Other Knox County women have served, both locally and statewide, in the ensuing years, but few have had the impact Davis had within that single two-year term.
"In Nashville, especially, women have never held lots of powerful positions," says Sandra Clark, a local publisher who held the state house's 16th district seat from 1972 to 1976. "There are greater numbers [in state Legislature] now, but still very few who hold committee chairs. We're going to have to reach some critical mass, numerically speaking, before that's liable to change."
When Clark took office in '72, she was only one of three female legislators statewide; even today, fewer than 20 of 132 seats are held by women. The numerical inequities are evidenced throughout our local elected offices. Only four of County Commission's 19 members are women, and only two of City Council's nine. And in upcoming Knoxville elections, only two of the 20 candidates who had submitted petitions by mid-April were female.
One of several issues Clark and other women face in establishing a political identity is the hoary albatross of the double standard, the clash inherent in the duality of traditional feminine roles and the qualities of leadership. In that regard, Clark was well-acquainted with perhaps the most successful female figure in local politics since Davis's sole term ended in 1927. A close friend of Clark's family, former teacher Mildred Doyle, a "red-headed softball player," was appointed as Knox County Schools superintendent in 1946 to fill out a predecessor's term. She was elected in the 1948 race, and won every election thereafter until she was defeated by Earl Hoffmeister in 1976, in a contest colored by the fact that Doyle had announced her retirement, then suddenly declared her intention to seek an eighth term.
What separated Doyle from so many other female office-seekers before and since, says Clark, was her understanding of the machinations of politics, of the nuts and bolts of political patronage. "She built one of the most powerful machines in the history of the county," Clark says, with no small admiration. "She was skillful in building alliances, in recruiting and grooming candidates for school board. She chose everybody she hired carefully. She was one of the few women in the state that wielded that kind of power ever."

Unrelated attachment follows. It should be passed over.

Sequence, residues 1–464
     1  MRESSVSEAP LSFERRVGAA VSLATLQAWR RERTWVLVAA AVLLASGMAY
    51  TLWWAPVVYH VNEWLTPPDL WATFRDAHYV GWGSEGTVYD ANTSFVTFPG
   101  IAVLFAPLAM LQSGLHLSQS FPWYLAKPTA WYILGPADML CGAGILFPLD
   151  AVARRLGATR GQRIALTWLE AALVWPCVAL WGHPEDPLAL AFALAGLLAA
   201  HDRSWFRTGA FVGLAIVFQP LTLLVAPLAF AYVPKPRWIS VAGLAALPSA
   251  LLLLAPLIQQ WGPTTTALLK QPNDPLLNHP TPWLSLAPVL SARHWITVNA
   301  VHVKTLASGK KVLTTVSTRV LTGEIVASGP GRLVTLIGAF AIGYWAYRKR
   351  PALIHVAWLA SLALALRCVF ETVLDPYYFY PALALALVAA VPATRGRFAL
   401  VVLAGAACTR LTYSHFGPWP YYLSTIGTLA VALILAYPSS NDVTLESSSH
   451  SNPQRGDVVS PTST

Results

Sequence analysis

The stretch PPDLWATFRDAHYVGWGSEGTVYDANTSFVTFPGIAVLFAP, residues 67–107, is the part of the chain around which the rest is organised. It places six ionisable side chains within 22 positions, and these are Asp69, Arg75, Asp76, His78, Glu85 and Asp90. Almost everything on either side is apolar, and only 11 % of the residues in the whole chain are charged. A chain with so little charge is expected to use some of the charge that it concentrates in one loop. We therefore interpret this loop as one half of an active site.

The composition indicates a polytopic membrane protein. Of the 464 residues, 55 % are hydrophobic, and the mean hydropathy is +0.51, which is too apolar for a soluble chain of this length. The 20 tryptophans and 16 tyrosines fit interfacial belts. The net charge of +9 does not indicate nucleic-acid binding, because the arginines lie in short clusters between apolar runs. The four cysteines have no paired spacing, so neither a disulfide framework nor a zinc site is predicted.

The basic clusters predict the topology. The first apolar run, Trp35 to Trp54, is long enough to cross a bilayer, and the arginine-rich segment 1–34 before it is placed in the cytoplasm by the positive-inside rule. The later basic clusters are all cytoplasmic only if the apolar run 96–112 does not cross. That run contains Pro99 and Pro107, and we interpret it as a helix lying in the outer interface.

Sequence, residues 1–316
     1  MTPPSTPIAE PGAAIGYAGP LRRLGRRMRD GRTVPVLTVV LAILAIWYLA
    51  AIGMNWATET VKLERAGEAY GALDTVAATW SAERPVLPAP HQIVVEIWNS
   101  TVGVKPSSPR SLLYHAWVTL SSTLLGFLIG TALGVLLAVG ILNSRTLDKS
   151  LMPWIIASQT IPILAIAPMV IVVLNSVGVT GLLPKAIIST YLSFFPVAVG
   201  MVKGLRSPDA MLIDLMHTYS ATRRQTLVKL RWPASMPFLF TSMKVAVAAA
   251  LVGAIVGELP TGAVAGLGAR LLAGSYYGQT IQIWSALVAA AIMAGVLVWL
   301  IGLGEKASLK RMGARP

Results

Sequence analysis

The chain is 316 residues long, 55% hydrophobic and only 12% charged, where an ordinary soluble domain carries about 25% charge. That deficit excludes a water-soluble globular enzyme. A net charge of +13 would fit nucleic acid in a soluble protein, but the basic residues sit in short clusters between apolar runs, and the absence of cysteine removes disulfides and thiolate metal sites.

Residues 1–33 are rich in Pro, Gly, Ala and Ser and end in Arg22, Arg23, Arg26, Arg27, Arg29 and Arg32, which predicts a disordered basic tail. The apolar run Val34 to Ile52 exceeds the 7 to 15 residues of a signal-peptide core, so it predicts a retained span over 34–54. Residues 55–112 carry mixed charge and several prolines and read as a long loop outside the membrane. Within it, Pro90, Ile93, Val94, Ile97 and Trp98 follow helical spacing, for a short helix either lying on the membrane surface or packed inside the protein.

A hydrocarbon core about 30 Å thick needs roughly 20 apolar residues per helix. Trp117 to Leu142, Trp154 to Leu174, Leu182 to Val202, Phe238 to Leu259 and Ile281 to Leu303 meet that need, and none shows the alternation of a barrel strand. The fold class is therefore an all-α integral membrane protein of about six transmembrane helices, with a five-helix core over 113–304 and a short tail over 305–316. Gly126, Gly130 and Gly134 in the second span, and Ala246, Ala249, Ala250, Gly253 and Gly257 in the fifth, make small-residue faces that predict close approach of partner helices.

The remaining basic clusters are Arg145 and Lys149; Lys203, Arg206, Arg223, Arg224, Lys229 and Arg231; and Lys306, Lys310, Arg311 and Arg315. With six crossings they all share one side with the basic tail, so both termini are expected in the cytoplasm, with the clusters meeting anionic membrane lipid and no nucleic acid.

Clark says Doyle's power allowed her to more-or-less hand-pick most of the school-board members who served during her reign, and even a handful of County Commission spots. Her influence reached all the way to the state Board of Education, such was the strength of her personality.
"She was a rough-and-tumble, rawboned country person," Clark continues. "She was so dominant. You did not go into her office and challenge her."
Such fortitude is a virtue that's been shared by many of the area's most successful female politicians. Knox County Third District commissioner Wanda Moody was one of the most vocal activists in the 1971 mayoral campaign of her friend, the late Bernice O'Connor. O'Connor lost that race to Kyle Testerman ("There was a feeling among potential supporters that 'Knoxville's not ready for a woman mayor'"), but went on to serve three terms on Knoxville City Council. An early watchdog of the infamous Butcher family financial empire, O'Connor stood fast against Randy Tyree's 1981 gubernatorial candidacy in opposition to Lamar Alexander. Tyree was backed by the Butchers, who had also worked to unseat O'Connor.
"She wrote a letter to several officials saying 'If he (Tyree) wins, I'm going to have to leave the state,'" Moody says, chuckling. "She was a dedicated, determined, forthright, no-nonsense individual."
"A woman who runs has to be tougher than a man, more determined. It's that simple," says Anne Woodle, a former school board member. But robust personalities can hinder women as well as help them. And many admit that balancing the roles of a woman with those of a civic leader can seem a bit of a catch-22.
"If a woman steps up and is strong, she's 'bossy.' Or something else," says Patra Rule, whose resume includes an unsuccessful bid for County Commission in addition to her involvement in various civic and homeowners groups. "If a man does the same, he's 'showing leadership.'"
Former Knox County Circuit and General Sessions Court Clerk Lillian Bean, a long-time local officeholder, was tarred as leader of the 'Bean Machine,' in reference to the alleged iron-fisted control she commanded within her circle of employees, courthouse familiars and political associates. And outspoken City-Councilwoman Carlene Malone recalls that many of her not-infrequent stands against the Council's patriarchal hegemony were reported in newspapers the following day in loaded verbiage that her male colleagues were spared.